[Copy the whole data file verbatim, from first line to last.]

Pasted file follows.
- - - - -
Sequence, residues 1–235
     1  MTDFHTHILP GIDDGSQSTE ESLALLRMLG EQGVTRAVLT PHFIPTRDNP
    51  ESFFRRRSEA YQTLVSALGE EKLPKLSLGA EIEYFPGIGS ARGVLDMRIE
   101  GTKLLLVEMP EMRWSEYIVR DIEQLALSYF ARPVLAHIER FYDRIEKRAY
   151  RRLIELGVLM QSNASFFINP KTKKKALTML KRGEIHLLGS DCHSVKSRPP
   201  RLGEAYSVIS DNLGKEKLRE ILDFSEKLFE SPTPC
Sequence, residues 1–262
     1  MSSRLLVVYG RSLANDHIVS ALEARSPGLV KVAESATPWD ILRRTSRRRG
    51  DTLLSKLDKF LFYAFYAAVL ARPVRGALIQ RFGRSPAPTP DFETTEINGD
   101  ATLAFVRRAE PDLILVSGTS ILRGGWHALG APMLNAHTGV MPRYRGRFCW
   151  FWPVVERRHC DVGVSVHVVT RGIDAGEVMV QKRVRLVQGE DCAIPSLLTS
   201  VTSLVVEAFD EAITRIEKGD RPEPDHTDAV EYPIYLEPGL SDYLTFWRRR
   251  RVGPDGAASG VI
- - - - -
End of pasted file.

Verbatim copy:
Sequence, residues 1–235
     1  MTDFHTHILP GIDDGSQSTE ESLALLRMLG EQGVTRAVLT PHFIPTRDNP
    51  ESFFRRRSEA YQTLVSALGE EKLPKLSLGA EIEYFPGIGS ARGVLDMRIE
   101  GTKLLLVEMP EMRWSEYIVR DIEQLALSYF ARPVLAHIER FYDRIEKRAY
   151  RRLIELGVLM QSNASFFINP KTKKKALTML KRGEIHLLGS DCHSVKSRPP
   201  RLGEAYSVIS DNLGKEKLRE ILDFSEKLFE SPTPC
Sequence, residues 1–262
     1  MSSRLLVVYG RSLANDHIVS ALEARSPGLV KVAESATPWD ILRRTSRRRG
    51  DTLLSKLDKF LFYAFYAAVL ARPVRGALIQ RFGRSPAPTP DFETTEINGD
   101  ATLAFVRRAE PDLILVSGTS ILRGGWHALG APMLNAHTGV MPRYRGRFCW
   151  FWPVVERRHC DVGVSVHVVT RGIDAGEVMV QKRVRLVQGE DCAIPSLLTS
   201  VTSLVVEAFD EAITRIEKGD RPEPDHTDAV EYPIYLEPGL SDYLTFWRRR
   251  RVGPDGAASG VI